Burning Q&A With Author Elizabeth Benton, Part I of III

Have you ever heard of Elizabeth Benton? If not, it’s time you did. EB is the author of Chasing Cupcakes, a mindset coach, founder of The Dagny Foundation, and host of the Primal Potential podcast.  Phew! I need a nap just writing all of that. I found EB several years ago when I was searching for a great health and wellness podcast, and I’ve been a fan ever since. As I was reflecting on 2020, I thought about how we could probably all benefit from a mindset upgrade, which immediately made me think of EB’s work. So what the heck- I took a chance and emailed her to ask for an interview…

Holy smokes, you guys, she said YES! It was unbelievably difficult to narrow down what to ask! I’m so grateful she took time out of her busy schedule to spend with our dance family. If you enjoy the wisdom she dispenses in this three-part series, make sure you wish yourself a Happy New Year by immediately picking up a copy of her book or listening to the Primal Potential podcast- she is so good! 

What was your goal when you started Primal Potential and how has that evolved to today? When Primal Potential first started in 2014, I wanted to help people with their chronic weight challenges. As I worked with more and more clients, it became increasingly obvious that weight issues weren’t food issues, they were thinking issues. Creating change, whether it’s related to health, weight, money, relationships, career or anything else, comes down to the way you think. If you continue to think the way you’ve always thought, you’ll continue to get what you’ve always got. So, Primal Potential gradually became more and more (and then exclusively) about upgrading the way you think.

This is likely your first encounter with the families of Elevate Dance Center, and they might not be familiar with you or the important work you do. What is the core message or the one thing you want to share so they get to experience the essence of Primal Potential? If I had to pick one thing and generalize, I’d say none of us needs to remain behind the struggle. It doesn’t matter if it’s a struggle you’ve had for decades or it’s a struggle you believe you’ll always have. We can make progress and improvements. Our pasts are only patterns, they aren’t prisons. The key to creating change isn’t motivation, discipline, willpower or the perfect plan. The key to creating any and all change is the practice of thinking differently, and that’s the practice I take my listeners through day to day.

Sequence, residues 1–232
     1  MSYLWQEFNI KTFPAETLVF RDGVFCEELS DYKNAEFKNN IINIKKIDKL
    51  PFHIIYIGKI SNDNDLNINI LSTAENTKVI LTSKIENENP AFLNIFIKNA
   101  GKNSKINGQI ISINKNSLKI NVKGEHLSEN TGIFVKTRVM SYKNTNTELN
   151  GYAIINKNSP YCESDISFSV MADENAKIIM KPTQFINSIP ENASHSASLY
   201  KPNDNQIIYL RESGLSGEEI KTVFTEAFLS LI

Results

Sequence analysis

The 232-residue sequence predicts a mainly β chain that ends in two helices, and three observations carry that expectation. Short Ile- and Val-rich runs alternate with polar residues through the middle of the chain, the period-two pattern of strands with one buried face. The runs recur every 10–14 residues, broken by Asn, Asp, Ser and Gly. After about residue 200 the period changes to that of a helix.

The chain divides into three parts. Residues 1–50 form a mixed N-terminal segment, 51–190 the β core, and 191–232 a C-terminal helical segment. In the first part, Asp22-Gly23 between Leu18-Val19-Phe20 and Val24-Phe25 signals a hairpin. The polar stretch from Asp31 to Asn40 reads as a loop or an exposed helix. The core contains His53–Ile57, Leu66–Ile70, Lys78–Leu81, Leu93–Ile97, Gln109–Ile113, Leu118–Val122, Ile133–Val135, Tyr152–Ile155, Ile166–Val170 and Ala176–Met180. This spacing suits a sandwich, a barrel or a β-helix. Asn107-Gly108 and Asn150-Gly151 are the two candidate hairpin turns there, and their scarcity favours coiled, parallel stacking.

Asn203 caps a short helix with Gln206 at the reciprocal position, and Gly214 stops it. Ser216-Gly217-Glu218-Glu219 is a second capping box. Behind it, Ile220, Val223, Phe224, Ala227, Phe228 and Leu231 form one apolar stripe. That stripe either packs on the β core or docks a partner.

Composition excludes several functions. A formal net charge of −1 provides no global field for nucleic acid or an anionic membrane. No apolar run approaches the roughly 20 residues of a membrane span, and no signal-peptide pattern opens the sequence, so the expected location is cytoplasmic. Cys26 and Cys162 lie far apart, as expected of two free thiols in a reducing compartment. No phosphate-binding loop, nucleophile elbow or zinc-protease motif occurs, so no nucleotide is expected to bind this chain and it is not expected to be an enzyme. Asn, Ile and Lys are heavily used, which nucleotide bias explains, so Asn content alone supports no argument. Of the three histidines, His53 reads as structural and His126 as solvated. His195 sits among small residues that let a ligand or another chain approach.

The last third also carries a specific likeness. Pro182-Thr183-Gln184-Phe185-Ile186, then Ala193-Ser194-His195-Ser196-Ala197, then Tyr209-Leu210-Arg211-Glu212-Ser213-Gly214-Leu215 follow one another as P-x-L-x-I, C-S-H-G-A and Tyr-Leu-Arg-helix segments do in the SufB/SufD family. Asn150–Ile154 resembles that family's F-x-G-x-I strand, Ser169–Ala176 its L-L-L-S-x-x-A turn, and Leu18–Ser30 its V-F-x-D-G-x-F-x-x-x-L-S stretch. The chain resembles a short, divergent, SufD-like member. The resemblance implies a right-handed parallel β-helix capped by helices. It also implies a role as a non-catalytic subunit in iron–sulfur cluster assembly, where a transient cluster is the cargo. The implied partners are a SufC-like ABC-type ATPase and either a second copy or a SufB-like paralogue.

In one way or another we have all experienced loss and grief in 2020. You have experienced a unique kind of grief as you suffered the passing of your baby daughter, Dagny. It would be very easy for you to give up for a good long while, and everyone would understand. Instead, you keep working at your life and inspiring others to live better. What are some of the strategies you employ to continue developing the best version of yourself as you simultaneously experience extreme suffering and deep grief?  I remind myself that with every choice I make, I’m either contributing to my healing or I’m not. I constantly say to myself that the grief can ride with me, but it cannot drive. I am still Dagny’s mom, even though she isn’t here with us, and I want to be an amazing mom. I can be devastated, depressed and in despair and still make the choice to take care of myself, to take care of my clients and to take a step forward, even if that step is as small as brushing my teeth. This is something I’ll explore very deeply in my next book.

Can you share a favorite strategy or two, a “starter kit” if you will, for folks who are feeling down on themselves or stuck and are perhaps new to this whole self-reflection thing? It’s as simple as focusing on your next great choice. Sure, you can choose to focus on the problem, but that’s not where the solution is. I encourage people to ask themselves, “What’s the right thing, right now?” Focus on the moment you’re in and the next great choice you can make. We’re always a choice or two away from feeling better.